This Practice Note explains the civil enforcement options available to the enforcers of consumer protection laws when responding to breaches of consumer protection legislation. It covers the civil injunction powers, known as enforcement orders and undertakings, available under the Enterprise Act 2002 and the enhanced consumer measures (ECMs) introduced by the Consumer Rights Act 2015. The Practice Note explains what these measures are, when the measures can be used and which enforcers can call upon these measures when enforcing consumer protection laws. It also considers the impact of Brexit following the end of the transition period (implementation period).
This Practice Note covers the criminal offences created by the Education Act 1996 (EA 1996). It includes the procedure for instituting proceedings, elements of the offence of failing to comply with a school attendance order and the meaning of 'parent'. It covers school attendance orders, the statutory defence for failing to comply with school attendance orders and sentencing for such offences. It also covers action following acquittal of an offence of failing to comply with a school attendance order.
This Practice Note explains the generic set of enforcement powers contained within Schedule 5 of the Consumer Rights Act 2015 (CRA 2015) which are available to enforcement bodies responsible for investigating and prosecuting a range of consumer protection legislation. It includes information on which EU enforcers and domestic enforcers can use the generic set of enforcement powers, what the enforcement powers contained in the generic set are and when they can be used. Also included is information on the offence of obstructing an officer using these powers as well as the impact Brexit has on the enforcement of consumer protection under CRA 2015.
This Practice Note discusses the sections of the Equality Act 2010 which activate prohibitions on discrimination in schools, the different types of discrimination including sex, race, religion or belief, age, marriage or civil partnership and disability, and the exceptions that may apply. It notes that the Equality Act 2010 (Specific Duties and Public Authorities) Regulations 2017, SI 2017/353 require public authorities with education functions to publish information annually to demonstrate their compliance with the public sector equality duty under EqA 2010, s 149.
This Practice Note covers the two separate offences of failing to secure regular attendance at school under the Education Act 1996 (EA 1996). It covers what the prosecution must prove for a person to be convicted of each offence, including whether a mental element is required, the meaning of 'fails to regularly attend', what is proof of regular attendance, the statutory exceptions to a child failing to regularly attend including the school not being within walking distance of the child's home and the meaning of 'unavoidable cause'. It also includes the law relating to boarding schools and pupils of no fixed abode. Finally it covers sentencing for such offences and alternatives to prosecution.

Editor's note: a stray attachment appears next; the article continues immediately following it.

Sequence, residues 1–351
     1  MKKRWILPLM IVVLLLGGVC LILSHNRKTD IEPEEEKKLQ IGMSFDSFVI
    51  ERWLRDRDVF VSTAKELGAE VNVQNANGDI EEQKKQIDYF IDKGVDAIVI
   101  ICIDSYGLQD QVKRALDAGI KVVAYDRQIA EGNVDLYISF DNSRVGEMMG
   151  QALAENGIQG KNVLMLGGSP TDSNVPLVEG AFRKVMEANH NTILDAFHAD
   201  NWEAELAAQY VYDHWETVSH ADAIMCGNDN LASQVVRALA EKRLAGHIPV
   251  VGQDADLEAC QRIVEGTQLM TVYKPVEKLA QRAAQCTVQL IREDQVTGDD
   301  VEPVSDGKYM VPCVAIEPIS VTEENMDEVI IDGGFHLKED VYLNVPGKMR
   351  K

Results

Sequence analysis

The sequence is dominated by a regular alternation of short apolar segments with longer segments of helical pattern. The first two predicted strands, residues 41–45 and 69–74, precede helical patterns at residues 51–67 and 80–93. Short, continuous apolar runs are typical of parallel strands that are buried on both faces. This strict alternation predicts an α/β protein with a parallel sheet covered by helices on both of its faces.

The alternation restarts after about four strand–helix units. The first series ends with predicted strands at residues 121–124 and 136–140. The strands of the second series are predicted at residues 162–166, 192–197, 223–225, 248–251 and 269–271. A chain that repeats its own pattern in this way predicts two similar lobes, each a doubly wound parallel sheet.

This Practice Note covers safeguarding children in English schools. It explains what safeguarding is, who has responsibility for safeguarding, interagency co-operation, safer recruitment as well as providing guidance on how to deal with allegations against staff members, safeguarding in the context of other specific statutory duties such as female genital mutilation, the prevent duty as well as providing practical guidance for assessing safeguarding risks.
This Practice Note concentrates on the statutory powers available to local authorities to provide shared services, the risks associated with exercise of those powers, including potential for challenge if exceeded (ultra vires), and how delivery of shared services can be achieved.
This Practice Note summarises the key legal issues for consideration when contemplating use of shared services including: public procurement, contractual, VAT, data protection, employment, intellectual property and state aid issues.
This Practice Note sets out the key structures for delivery of a shared service, including: internal ‘in-house’ shared services, multi-authority shared services and joint ventures for wider exploitation of shared services.
This letter is to be used by public authorities procuring services under the competitive procedure with negotiation. It is to be sent with the Invitation to Tender (ITT) which sets out the procedures and terms for participation in the procurement process.
This Precedent letter is intended for use in the event that a contracting authority conducting a public procurement process receives requests from a bidder for clarification of its invitation to tender or associated procurement documentation.
A contracting authority may find that at the stage of evaluating bids, a submission from a tenderer is unclear or requires clarification. The contracting authority may wish to clarify these matters. This Precedent letter can be used by a contracting authority to set out clarification requests.
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